• 4660: Object deleted
  • 4663: Attempt to access object was made
  • 4664: Attempt to create a hard link was made
  • 4670: Object permissions were changed
  • 4672: Special Privileges Assigned to New Logon
  • 4673: Calling privileged service
  • 4674: Attempted operation on a privileged object
  • 4985: Transaction state change
  • 4691: Indirect access to an object was requested.
  • 4698: A scheduled task was created.
  • 4699: A scheduled task was deleted.
  • 4700: A scheduled task was enabled.
  • 4701: A scheduled task was disabled.
  • 4702: A scheduled task was updated.
  • 5051: File was virtualized


Windows Server

The following Event IDs can potentially indicate a high criticality event that applies to Windows Server 2022, Windows Server 2019, Windows Server:


  • 1100: The event logging service has shut down
  • 1101: Audit events have been dropped by the transport.
  • 1102: Audit log cleared
  • 1104: The security Log is now full
  • 4618: Monitored security event pattern occurred
  • 4649: Potential replay attack detected
  • 4719: Change to system audit policy
  • 4765: SID History added to an account
  • 4766: Failed attempt to add SID History to an account
  • 4794: Attempt at setting Directory Services Restore Mode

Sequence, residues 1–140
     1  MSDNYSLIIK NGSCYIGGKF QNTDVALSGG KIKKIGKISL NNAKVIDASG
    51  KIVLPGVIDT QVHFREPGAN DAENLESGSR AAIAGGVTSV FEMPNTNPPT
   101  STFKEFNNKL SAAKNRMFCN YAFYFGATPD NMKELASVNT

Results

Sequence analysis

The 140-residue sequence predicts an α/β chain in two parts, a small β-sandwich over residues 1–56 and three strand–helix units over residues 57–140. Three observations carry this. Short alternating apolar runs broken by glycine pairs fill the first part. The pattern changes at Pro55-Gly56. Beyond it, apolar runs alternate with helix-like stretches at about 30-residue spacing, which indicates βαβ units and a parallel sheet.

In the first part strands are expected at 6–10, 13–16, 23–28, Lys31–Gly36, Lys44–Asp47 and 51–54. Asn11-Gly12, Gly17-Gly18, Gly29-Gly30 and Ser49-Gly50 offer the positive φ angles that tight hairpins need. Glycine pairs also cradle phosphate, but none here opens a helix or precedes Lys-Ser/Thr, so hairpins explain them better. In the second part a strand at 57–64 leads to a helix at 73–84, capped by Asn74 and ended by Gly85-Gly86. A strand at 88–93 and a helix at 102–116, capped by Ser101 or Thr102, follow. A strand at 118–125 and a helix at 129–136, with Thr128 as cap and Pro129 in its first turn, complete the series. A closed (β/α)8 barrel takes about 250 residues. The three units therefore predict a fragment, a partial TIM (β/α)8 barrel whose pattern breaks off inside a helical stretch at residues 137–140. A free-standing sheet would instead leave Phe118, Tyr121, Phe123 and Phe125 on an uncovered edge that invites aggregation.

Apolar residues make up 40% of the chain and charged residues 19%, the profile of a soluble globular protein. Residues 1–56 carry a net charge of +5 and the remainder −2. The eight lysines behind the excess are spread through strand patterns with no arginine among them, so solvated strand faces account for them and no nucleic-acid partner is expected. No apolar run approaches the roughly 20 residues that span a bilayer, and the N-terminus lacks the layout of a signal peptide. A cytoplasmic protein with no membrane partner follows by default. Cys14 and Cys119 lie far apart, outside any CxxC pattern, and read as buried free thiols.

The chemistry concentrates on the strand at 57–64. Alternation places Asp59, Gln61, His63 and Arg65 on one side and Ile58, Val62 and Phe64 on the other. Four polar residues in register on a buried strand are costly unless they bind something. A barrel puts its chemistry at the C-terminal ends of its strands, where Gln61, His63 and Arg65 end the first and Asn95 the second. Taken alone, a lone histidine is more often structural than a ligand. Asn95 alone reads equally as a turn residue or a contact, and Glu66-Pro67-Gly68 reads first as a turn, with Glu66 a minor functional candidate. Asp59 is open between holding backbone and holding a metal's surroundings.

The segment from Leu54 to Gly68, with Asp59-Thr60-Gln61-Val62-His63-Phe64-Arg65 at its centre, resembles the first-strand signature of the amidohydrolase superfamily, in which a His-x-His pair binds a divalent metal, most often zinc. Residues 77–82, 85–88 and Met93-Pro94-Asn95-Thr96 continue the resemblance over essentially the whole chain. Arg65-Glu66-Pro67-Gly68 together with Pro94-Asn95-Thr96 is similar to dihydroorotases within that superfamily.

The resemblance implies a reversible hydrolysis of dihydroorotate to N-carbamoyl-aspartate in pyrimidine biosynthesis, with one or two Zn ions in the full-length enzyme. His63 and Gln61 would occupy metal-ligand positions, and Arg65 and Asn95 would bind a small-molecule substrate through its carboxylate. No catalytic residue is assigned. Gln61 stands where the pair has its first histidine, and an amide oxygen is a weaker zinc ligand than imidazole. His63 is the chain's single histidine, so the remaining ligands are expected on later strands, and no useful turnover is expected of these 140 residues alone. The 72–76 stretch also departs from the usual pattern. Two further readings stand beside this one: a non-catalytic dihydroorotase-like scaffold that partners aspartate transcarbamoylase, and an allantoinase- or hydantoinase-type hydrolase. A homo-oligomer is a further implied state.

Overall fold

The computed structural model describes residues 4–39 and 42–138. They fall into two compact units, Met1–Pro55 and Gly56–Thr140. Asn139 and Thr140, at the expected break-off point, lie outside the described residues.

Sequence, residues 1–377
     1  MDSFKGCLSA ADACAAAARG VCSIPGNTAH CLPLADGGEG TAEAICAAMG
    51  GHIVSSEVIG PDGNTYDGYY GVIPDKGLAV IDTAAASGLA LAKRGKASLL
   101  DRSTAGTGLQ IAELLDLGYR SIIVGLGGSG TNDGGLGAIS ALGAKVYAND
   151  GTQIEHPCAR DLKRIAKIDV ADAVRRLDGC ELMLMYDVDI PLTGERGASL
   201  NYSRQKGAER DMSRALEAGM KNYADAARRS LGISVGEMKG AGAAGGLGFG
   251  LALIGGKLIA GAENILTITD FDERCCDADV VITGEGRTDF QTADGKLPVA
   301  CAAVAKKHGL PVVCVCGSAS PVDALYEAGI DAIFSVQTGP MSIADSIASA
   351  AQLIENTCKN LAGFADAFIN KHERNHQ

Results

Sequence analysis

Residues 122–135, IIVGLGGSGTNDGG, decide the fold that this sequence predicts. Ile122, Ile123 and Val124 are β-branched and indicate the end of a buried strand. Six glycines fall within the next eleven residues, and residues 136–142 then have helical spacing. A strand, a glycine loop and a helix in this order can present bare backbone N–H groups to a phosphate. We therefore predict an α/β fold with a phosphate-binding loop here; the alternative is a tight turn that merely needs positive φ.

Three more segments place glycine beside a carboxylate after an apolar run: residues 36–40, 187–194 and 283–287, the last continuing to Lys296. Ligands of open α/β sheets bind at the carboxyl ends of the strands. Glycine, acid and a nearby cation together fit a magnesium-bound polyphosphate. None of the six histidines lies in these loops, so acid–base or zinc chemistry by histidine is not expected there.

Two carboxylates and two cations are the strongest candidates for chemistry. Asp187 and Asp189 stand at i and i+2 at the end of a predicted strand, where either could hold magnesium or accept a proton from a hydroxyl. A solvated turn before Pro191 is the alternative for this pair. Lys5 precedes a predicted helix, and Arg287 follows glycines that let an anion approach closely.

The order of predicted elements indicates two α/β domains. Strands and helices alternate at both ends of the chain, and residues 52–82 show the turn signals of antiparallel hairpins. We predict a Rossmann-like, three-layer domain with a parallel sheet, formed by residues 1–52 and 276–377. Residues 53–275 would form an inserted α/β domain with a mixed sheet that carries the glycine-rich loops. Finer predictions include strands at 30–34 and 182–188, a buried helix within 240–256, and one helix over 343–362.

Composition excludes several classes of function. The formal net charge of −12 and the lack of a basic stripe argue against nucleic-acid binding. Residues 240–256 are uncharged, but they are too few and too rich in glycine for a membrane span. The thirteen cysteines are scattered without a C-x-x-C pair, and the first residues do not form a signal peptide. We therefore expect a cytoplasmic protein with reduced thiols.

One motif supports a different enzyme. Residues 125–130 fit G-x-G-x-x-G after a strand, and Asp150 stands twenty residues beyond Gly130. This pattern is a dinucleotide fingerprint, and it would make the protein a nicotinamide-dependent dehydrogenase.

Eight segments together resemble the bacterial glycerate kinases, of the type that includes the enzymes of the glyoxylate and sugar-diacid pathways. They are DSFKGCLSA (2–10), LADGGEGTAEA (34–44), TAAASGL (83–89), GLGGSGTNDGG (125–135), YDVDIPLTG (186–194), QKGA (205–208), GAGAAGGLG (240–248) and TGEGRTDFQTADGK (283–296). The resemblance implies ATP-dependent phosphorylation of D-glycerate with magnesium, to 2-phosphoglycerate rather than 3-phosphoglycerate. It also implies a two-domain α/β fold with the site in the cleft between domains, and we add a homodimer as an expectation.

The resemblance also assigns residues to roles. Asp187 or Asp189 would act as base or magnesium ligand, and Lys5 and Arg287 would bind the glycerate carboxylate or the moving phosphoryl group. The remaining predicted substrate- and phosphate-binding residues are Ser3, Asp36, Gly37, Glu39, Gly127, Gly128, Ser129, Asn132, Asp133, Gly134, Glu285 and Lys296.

• 4897: Role separation enabled
  • 4964: Special groups assigned new logon
  • 5124: Update to security setting on OCSP Responder Service


Microsoft Defender Antivirus

The following Event IDs indicate an event with Microsoft 365 antivirus:


  • 1002: malware scan stopped before completing scan
  • 1003: malware scan paused
  • 1005: malware scan failed
  • 1006, 1116: malware or unwanted software detected
  • 1007, 1117: action to protect system performed
  • 1008, 1118: action to protect system failed
  • 1009: item restored from quarantine
  • 1012: unable to delete item in quarantine
  • 1015: suspicious behavior detected
  • 1119: critical error occurred when taking action


Graylog: Operations and Security Information for Windows Event ID Monitoring

With Graylog, you can build a single source of log information that enables observability and visibility across a complex environment. Graylog ingests all log data, no matter what service generates it, then applies a standardized data model so that you can correlate and analyze all events. Since your IT operations and security teams share the same information, they can communicate more effectively.

Further, with Graylog’s lightning-fast search capabilities, your security and IT teams can get the answers they need, even when they’re searching terabytes of data. Purpose-built for modern log analytics, Graylog gives you the two-for-one solution necessary to improve performance and reduce cybersecurity risk. Our cloud-native capabilities and out-of-the-box security content give your teams the ability to collaborate effectively, reducing service downtime and alert fatigue.

To learn how Graylog can help you save money and respond more effectively to issues,  contact us today.